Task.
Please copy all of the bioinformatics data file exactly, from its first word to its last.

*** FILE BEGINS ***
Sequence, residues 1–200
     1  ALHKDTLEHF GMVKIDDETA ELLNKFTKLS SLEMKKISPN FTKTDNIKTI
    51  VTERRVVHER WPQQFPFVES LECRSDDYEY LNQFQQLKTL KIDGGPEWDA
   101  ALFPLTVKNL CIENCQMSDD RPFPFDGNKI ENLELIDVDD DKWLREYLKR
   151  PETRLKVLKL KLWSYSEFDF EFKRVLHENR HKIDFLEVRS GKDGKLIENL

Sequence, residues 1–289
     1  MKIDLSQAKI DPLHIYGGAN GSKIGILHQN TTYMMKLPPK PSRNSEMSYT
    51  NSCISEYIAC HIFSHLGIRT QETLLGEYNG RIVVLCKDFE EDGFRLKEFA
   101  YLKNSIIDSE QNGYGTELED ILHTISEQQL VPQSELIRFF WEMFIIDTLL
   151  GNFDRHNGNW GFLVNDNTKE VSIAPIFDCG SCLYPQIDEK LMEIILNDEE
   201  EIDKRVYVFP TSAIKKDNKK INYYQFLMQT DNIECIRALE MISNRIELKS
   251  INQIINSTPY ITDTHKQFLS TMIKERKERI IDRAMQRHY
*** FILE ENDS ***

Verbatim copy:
Sequence, residues 1–200
     1  ALHKDTLEHF GMVKIDDETA ELLNKFTKLS SLEMKKISPN FTKTDNIKTI
    51  VTERRVVHER WPQQFPFVES LECRSDDYEY LNQFQQLKTL KIDGGPEWDA
   101  ALFPLTVKNL CIENCQMSDD RPFPFDGNKI ENLELIDVDD DKWLREYLKR
   151  PETRLKVLKL KLWSYSEFDF EFKRVLHENR HKIDFLEVRS GKDGKLIENL

Sequence, residues 1–289
     1  MKIDLSQAKI DPLHIYGGAN GSKIGILHQN TTYMMKLPPK PSRNSEMSYT
    51  NSCISEYIAC HIFSHLGIRT QETLLGEYNG RIVVLCKDFE EDGFRLKEFA
   101  YLKNSIIDSE QNGYGTELED ILHTISEQQL VPQSELIRFF WEMFIIDTLL
   151  GNFDRHNGNW GFLVNDNTKE VSIAPIFDCG SCLYPQIDEK LMEIILNDEE
   201  EIDKRVYVFP TSAIKKDNKK INYYQFLMQT DNIECIRALE MISNRIELKS
   251  INQIINSTPY ITDTHKQFLS TMIKERKERI IDRAMQRHY